An Interactive Online Exhibition Explores Ray Eames’s Indelible Impact on Midcentury American Design

We spoke with Ray Eames’s granddaughter and chief curator of the Eames Institute of Infinite Curiosity.

Ray Eames, in May 1960, working on a color and compositional study of the projections exhibition for Mathematica: A World of Numbers… and Beyond. Courtesy of Eames Office, LLC.

Despite public declarations made by Charles Eames defending the equal role his wife Ray played in shaping their shared practice, she was rarely given the credit she deserved. The Eames Institute of Infinite Curiosity—a recently established platform promoting the legacy of the historically significant design firm—has opened Ray’s Hand, an online exhibition that sheds new light on her vital contribution. Launched on December 15, this latest activation coincides with what would have been her 110th birthday.

Incorporating everything from preliminary sketches and color samples to toys and everyday products from the 1940s through the 1980s, animated vignettes, and eloquent texts procured by noted scholar Pat Kirkham reveal the multitalented creative’s dynamic approach and her use of varied sources of inspiration to develop innovative concepts that revolutionized midcentury American design. 

Items from Ray Eames’s office. Photo: Nicholas Calcott, courtesy of Eames Institute.

“Ray came to design from painting and Charles from architecture, which created a dynamic partnership,” said Llisa Demetrios, the Eames’s youngest granddaughter and the institute’s chief curator. “From their first project together, they both realized the importance of letting their designs evolve from their hands-on learning. The artifacts in this exhibit demonstrate Ray’s exploration of solving problems and iterating on the solutions.”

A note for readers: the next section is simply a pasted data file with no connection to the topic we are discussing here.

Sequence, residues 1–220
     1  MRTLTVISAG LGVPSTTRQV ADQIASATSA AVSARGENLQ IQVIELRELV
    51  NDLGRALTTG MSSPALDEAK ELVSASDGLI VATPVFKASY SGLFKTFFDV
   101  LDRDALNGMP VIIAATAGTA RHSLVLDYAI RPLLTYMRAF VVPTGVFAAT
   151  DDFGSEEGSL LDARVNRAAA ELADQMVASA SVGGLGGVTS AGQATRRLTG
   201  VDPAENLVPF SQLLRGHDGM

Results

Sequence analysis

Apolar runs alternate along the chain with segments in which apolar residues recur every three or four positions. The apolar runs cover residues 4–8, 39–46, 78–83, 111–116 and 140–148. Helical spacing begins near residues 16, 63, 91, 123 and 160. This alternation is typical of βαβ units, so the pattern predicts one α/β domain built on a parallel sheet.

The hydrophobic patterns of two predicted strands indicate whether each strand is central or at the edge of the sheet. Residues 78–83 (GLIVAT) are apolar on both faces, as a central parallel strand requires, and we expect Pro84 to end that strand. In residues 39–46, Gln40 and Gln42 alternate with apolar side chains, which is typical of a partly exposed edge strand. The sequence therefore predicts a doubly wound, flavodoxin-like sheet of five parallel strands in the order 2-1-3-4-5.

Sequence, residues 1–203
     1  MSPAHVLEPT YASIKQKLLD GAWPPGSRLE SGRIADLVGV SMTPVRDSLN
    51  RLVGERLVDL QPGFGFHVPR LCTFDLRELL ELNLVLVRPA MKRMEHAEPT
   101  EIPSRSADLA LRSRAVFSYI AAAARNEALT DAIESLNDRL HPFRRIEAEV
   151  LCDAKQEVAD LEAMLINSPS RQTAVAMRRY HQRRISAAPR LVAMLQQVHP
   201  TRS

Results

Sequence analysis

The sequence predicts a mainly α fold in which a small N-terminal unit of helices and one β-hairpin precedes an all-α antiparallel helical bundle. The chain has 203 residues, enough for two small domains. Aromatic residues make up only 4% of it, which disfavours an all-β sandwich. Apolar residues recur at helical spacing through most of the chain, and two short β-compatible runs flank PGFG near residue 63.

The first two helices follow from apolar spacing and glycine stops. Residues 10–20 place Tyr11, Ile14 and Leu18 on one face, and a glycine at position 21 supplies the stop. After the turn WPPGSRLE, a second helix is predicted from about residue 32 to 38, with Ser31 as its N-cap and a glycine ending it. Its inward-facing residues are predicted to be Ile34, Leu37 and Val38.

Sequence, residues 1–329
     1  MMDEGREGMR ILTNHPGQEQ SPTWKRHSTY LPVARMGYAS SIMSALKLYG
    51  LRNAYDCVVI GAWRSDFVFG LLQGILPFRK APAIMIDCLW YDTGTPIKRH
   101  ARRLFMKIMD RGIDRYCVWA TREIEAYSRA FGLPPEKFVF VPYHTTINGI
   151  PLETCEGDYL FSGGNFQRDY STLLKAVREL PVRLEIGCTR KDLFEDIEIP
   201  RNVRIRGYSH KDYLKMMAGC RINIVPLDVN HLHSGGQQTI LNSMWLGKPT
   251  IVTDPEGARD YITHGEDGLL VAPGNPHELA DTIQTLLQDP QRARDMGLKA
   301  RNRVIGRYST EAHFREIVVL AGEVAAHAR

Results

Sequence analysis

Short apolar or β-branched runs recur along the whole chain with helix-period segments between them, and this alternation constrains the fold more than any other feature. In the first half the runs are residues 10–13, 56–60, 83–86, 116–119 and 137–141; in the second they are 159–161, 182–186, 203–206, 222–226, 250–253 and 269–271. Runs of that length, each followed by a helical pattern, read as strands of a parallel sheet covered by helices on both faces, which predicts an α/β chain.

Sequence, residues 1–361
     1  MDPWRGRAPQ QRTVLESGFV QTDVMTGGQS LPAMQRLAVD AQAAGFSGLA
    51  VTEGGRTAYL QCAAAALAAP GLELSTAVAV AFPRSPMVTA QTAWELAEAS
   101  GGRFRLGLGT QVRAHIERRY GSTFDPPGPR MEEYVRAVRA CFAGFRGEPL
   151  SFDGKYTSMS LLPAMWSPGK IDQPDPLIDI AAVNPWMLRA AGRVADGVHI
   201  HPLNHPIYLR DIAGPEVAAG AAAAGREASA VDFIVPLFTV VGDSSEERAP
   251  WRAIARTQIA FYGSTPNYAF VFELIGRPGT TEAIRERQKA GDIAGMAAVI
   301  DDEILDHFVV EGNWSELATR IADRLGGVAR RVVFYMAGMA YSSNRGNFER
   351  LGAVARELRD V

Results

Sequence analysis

Much of what was selected for the exhibition came from the storied Eames Office in Venice, California. “As we have been unpacking the crates, opening drawers, and looking in boxes, we have been inventorying what we’ve found so far and making discoveries along the way,” Demetrios added. “The narratives for the exhibits evolved directly from highlighting Ray and Charles’ process through the archival material in the collection.” 

Courtesy of Eames Institute.

A major through-line of the showcase is the prevalence of analog hand tools and common materials. Crayons, colored pencils, paints, rubber stamps, silver and gold foils, tissue paper, and marbleized paper join precision tools like scissors, X-acto knives, and magnifying glasses. Adorned in different iconographies, rulers of various lengths also feature prominently. Somehow, Ray always worked within the confines of these readily available components but was able to surpass their limitation by meticulously crafting miniature maquettes, many of which could fit inside the palm of her hand.  

​​“I loved how she did not look at an object in isolation but how an object related to everything around it,” Demetrios recalled. “Ray and Charles considered themselves tradespeople. For them, the design process was about addressing a need that they had noticed, or something that someone had come to them for.” The online exhibition does the important work of not just showcasing what they made but how they accomplished these feats. Many of their techniques are as prescient today as they were 60 to 40 years ago.

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